Called “the first significant public investment in a generation,” the U.K. Advanced Fuel Cycle Program (AFCP) is driving innovation to underpin future nuclear deployment in the United Kingdom. Led jointly by the U.K. Department for Business, Energy and Industrial Strategy and the National Nuclear Laboratory (NNL), the program involves more than 40 U.K. organizations, including a number of world-­leading U.K. universities (Fig. 1), and is working with international organizations across more than 10 countries, leveraging U.K. investment into more than £100 million in international programs.

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U.S. nuclear capacity factors: Resiliency and new realities

In the early years of the Nuclear News capacity factors survey, any factor over 70 was deemed excellent; any factor under 50 was considered poor. By that standard, all but two operating U.S. power reactors chalked up excellent performance during 2017–2019. A record 809.4 TWh of electricity was generated in the United States from nuclear energy in 2019, according to the U.S. Energy Information Administration (EIA), besting the record of 807.1 TWh set in 2018.

Nuclear News staff developed the capacity factors survey in the early 1980s as a way to identify the most productive reactors in an expanding fleet. Fleet improvement was the industry’s self-identified goal, but no one could anticipate the startlingly rapid pace of improvement, spurred by the Institute of Nuclear Power Operations (INPO), which boosted fleetwide performance to highs that continue today.

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Thinking inside the box

The Optimus-H transport cask on display at the 2020 Waste Management Conference in Phoenix, Ariz.

Jeff England, director of transportation projects for NAC International, pointed to the large stainless steel canister, which looked like a giant-­sized silver dumbbell, perched on the flatbed of a semitrailer truck parked in the middle of the expansive exhibit hall in the Phoenix Convention Center. NAC, a provider of nuclear storage, transportation, and consulting services, was using the 2020 Waste Management Conference, held March 8–12 in Phoenix, Ariz., to unveil its newest transport casks, the Optimus-­H and Optimus-­L.

“These are a different niche,” England said of the casks, which were designed to transport radioactive materials, including remote-­handled transuranic waste, high-­activity intermediate-­level waste, low-­enriched uranium, and fissile materials. “You have a lot of [small] drum-­sized packages, and you also have a lot of big packages that will hold around 10 55-­gallon drums. But there’s not anything in between. We hold a 110-­gallon drum capacity.”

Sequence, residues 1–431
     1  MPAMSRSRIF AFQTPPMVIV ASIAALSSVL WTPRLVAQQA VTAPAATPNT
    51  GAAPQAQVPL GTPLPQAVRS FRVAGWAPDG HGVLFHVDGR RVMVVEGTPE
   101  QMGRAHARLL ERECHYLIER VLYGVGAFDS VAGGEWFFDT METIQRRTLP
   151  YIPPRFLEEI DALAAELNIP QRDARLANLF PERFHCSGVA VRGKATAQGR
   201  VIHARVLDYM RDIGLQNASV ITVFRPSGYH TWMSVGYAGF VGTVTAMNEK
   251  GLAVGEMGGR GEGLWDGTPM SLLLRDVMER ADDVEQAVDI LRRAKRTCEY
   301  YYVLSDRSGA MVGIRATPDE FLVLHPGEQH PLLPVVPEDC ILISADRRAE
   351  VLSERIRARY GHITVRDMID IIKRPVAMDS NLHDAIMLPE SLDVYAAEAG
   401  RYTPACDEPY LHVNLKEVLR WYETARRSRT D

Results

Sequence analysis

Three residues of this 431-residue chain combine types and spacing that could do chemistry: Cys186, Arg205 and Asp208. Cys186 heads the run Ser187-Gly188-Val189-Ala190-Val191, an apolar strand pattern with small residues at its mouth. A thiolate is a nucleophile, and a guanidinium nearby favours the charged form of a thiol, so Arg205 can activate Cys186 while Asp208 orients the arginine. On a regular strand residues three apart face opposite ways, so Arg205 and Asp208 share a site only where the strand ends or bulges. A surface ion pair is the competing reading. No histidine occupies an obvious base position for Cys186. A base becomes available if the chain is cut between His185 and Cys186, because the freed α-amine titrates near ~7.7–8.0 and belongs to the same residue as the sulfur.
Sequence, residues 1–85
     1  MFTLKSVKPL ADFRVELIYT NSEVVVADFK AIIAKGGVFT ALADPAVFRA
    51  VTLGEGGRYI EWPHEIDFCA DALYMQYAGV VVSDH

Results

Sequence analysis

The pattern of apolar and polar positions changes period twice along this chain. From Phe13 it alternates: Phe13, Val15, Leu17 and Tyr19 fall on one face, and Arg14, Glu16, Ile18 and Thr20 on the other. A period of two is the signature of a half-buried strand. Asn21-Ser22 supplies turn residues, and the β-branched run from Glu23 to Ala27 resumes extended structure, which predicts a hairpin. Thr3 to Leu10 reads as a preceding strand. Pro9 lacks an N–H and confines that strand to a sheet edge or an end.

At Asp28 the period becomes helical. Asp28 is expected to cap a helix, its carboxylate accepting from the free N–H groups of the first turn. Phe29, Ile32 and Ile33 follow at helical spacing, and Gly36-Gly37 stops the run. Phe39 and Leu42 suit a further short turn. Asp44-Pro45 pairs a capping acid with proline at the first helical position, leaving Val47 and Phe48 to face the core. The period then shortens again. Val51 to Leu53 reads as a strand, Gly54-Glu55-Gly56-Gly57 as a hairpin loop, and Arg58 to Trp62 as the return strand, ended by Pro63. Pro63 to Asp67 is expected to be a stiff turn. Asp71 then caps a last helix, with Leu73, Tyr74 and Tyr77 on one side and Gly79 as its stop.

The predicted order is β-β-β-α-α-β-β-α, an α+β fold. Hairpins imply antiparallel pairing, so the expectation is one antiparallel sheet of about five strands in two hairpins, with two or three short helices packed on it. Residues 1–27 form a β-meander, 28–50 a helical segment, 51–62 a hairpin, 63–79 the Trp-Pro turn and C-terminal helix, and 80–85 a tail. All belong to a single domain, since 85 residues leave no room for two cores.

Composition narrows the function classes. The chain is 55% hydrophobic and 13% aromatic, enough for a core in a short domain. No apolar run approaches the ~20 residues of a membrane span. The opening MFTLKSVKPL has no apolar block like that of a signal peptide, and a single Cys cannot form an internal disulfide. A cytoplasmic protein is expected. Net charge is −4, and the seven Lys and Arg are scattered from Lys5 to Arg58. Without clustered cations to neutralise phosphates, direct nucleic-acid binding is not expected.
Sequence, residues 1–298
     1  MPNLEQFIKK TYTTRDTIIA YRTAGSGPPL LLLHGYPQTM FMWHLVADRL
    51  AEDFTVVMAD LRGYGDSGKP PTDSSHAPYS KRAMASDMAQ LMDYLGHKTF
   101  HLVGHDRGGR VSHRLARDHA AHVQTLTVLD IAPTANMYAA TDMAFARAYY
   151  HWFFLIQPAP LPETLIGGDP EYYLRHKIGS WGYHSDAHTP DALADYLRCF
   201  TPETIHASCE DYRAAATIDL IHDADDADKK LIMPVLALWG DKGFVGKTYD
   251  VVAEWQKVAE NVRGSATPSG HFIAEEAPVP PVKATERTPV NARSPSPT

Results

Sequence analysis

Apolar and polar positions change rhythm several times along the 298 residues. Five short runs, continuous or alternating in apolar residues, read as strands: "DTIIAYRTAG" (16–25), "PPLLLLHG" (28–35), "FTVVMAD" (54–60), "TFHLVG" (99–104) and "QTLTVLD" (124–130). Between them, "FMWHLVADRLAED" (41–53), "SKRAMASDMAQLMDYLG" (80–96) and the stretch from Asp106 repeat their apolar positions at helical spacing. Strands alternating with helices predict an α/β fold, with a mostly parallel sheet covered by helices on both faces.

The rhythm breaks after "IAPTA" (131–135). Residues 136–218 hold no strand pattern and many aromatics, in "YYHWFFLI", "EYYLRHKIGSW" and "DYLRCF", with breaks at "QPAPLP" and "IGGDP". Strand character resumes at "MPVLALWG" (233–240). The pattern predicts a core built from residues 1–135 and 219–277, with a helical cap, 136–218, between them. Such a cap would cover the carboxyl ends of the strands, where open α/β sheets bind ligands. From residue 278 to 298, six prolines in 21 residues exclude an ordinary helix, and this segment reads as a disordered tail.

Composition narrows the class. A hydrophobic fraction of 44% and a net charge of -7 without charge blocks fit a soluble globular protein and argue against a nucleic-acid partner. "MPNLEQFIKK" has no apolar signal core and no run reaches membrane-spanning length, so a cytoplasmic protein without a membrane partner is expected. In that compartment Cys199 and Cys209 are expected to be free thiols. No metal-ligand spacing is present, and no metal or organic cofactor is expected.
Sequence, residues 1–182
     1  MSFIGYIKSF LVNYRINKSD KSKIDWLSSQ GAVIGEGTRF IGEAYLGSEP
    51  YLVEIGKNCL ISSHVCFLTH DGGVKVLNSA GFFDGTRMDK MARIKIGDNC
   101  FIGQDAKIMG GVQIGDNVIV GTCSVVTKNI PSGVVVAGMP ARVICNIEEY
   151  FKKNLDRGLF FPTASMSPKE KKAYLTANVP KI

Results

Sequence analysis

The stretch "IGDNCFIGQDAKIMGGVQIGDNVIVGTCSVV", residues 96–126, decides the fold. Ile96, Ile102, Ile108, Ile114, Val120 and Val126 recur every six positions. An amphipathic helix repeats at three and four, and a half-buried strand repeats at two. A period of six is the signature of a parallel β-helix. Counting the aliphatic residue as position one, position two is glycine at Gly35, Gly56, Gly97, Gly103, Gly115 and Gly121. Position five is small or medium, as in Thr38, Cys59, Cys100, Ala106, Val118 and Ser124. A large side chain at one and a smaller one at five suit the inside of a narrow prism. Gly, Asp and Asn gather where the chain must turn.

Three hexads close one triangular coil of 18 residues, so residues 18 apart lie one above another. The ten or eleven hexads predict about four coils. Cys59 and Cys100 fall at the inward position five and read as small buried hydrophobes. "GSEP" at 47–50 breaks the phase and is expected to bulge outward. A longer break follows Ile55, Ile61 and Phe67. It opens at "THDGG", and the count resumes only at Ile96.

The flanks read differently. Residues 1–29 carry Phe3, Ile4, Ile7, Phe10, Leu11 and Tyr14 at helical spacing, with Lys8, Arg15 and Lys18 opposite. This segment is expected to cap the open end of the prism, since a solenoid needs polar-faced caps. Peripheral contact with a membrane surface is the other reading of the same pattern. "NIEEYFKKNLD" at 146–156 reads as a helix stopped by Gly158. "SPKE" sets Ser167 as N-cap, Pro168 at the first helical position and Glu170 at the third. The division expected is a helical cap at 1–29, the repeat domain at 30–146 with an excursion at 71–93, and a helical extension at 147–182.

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Helping to bring a new generation of reactors to life

As the nuclear industry pursues a new generation of reactors to meet economic and political realities, the process for developing and qualifying new fuels and materials has come into focus. It’s clear that the 30-year development process the industry has come to expect is no longer viable, just as the economic reality of the current reactor fleet is increasingly coming under pressure from low-cost alternatives, particularly natural gas. To reduce carbon emissions while meeting ever-growing energy needs, new nuclear plants must be built soon.

Accelerating the deployment of advanced nuclear energy systems

The TCR program is leveraging an agile approach—one that is centered around continuously informing the process—to accelerate deployment timelines and introduce performance improvements. Image: Adam Malin, ORNL

Soon after Enrico Fermi’s Chicago Pile-­1 went critical for a brief duration in December 1942, the construction of the first continuously operating reactor, the X-­10 Graphite Reactor, was initiated in February 1943 at Clinton Engineer Works in Oak Ridge, Tenn. On November 4 of that year, a mere nine months after the start of construction, the reactor began operation. This marked the onset of what Alvin M. Weinberg referred to as “the first nuclear era,” during which many reactors of various designs and operating parameters were built and demonstrated across the United States. Forty years ago, the Fast Flux Test Facility was the last U.S. non-­light-­water reactor to reach criticality, and it has since been decommissioned.